John released his grip on the barrow handles and flexed his fingers, which were stiff with cold (and sore, too, from foolishly tackling the holly without the protection of gloves), and continued to stare at the house, squinting as, from time to time, figures moved across the windows, busy in various, easily imagined ways, unpacking suitcases, wrapping gifts, preparing infants for bed or food for the evening meal. There would be salmon, as usual on Christmas Eve, steamed with Pamela’s customary light touch to a succulent white-pink so that the flesh fell off the bones and melted on the tongue; and a generous selection of vegetables that always included beetroot – a particular favourite of John’s – freshly pulled from Ashley House’s own well-stocked vegetable garden. The sprouts served at lunch the following day would also be home-grown, their leaves pale green and tasting faintly of earth and mint. For the younger members of the clan, with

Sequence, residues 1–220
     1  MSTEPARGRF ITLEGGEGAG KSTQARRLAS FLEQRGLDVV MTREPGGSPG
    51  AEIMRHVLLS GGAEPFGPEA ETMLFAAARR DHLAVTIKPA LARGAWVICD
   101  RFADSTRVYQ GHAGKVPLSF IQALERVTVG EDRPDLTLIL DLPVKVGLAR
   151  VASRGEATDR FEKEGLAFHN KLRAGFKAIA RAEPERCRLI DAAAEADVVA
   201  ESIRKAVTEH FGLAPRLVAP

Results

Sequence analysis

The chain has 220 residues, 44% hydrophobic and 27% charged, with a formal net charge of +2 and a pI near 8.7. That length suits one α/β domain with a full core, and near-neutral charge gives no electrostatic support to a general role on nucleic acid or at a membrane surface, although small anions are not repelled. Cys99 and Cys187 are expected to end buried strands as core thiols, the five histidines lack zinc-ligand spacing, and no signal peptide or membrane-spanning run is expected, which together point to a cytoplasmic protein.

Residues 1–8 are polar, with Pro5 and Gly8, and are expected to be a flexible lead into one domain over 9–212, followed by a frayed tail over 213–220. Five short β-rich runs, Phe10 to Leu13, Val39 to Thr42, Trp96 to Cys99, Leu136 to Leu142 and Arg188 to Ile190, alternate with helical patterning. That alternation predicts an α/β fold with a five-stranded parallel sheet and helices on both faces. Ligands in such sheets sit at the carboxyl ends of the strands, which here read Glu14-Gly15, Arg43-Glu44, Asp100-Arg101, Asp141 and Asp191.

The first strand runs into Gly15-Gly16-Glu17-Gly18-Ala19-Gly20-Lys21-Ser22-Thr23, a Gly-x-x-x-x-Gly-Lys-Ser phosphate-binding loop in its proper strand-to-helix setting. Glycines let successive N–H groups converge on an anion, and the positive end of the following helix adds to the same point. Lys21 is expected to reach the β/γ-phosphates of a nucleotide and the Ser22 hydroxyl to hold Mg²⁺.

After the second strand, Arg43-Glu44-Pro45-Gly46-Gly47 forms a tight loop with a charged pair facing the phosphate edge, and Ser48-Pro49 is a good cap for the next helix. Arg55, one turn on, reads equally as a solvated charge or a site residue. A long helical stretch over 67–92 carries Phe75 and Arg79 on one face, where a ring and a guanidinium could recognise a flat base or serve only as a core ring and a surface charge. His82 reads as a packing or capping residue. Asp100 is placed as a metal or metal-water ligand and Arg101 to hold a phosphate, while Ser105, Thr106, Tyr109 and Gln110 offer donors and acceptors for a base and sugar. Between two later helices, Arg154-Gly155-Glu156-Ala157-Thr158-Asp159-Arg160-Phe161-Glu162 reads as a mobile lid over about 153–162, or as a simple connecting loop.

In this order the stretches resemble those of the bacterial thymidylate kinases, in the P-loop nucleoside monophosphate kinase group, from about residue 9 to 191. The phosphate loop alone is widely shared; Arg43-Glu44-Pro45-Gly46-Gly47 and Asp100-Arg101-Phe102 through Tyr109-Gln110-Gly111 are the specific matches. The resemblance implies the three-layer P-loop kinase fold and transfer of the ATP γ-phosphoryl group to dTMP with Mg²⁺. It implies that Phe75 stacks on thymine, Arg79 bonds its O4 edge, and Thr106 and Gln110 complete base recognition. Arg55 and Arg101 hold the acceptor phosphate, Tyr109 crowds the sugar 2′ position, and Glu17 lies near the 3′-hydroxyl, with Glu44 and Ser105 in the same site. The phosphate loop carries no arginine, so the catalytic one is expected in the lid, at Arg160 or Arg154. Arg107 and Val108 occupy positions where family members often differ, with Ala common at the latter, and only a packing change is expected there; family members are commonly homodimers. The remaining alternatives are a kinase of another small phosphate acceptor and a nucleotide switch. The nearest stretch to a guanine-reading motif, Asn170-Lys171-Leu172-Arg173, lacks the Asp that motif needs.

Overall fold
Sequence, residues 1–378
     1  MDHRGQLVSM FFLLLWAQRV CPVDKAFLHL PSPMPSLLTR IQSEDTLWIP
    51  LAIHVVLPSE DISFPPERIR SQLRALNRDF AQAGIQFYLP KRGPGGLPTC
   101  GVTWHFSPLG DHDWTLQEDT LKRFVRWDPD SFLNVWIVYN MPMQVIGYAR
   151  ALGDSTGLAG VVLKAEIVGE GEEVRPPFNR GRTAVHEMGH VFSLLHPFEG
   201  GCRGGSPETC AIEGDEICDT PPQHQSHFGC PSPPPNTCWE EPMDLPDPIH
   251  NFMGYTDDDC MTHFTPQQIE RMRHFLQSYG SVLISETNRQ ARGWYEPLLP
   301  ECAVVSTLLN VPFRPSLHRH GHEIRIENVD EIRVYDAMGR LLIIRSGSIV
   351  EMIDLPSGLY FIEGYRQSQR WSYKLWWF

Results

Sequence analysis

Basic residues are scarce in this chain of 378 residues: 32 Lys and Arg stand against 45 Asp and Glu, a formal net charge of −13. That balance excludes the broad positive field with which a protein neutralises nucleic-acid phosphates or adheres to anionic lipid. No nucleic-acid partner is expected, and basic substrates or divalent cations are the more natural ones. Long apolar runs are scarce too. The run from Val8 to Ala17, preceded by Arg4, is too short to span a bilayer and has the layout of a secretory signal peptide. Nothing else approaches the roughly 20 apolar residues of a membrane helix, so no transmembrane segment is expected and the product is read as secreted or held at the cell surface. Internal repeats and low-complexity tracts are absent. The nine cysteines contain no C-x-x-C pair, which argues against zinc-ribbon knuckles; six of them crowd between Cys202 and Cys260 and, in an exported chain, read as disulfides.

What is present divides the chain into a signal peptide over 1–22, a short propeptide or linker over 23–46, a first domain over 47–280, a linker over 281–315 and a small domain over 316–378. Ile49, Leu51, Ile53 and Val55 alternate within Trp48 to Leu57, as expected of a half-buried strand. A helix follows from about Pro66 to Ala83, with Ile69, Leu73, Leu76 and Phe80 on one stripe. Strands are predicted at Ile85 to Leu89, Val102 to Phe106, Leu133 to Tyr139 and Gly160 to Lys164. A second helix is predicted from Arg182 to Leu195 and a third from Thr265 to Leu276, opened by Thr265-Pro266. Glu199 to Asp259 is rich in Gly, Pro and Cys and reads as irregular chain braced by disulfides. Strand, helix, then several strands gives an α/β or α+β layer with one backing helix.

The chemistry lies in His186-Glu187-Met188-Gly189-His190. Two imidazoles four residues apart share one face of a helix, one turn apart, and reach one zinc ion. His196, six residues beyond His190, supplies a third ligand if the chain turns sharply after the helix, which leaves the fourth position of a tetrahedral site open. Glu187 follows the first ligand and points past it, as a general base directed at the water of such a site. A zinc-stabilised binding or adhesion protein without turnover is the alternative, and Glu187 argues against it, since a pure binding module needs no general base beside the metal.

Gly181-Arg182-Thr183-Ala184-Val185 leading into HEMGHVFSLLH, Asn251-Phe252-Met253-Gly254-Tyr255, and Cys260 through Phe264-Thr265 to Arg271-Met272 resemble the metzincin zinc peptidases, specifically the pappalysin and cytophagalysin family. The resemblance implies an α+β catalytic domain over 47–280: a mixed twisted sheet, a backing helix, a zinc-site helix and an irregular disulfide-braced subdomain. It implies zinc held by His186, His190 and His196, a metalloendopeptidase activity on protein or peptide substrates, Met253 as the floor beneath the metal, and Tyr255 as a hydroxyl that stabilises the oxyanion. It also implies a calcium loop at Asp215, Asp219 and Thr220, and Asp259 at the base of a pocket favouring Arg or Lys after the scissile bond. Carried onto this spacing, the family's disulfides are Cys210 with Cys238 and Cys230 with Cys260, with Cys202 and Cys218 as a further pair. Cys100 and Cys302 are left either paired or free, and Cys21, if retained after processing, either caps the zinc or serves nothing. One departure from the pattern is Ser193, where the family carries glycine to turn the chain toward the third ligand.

palates not yet sufficiently discerning to enjoy such flavours, there would be simpler alternatives: toad-in-the-hole instead of fish, peas instead of beetroot. The sprouts, however, were unavoidable. At least one on each plate at Christmas lunch was one of those small traditions that had somehow become unquestionable over the years, as such things did in established families, where the minutest ways of speaking and doing took on the comforting resonance of ritual.

‘Here we are again, old fella,’ John murmured, prodding the mud-clogged tip of one wellington boot against the grizzled belly of the black labrador slumped on the ground next to him. ‘Christmas at Ashley House. Won’t be too many more of those for you, eh?’ The dog, who was twelve years old and painfully arthritic unless in pursuit of rabbits, half raised its head, offered a desultory wag of acknowledgement, then dropped its jaw with an audible thwack back on to its outstretched paws.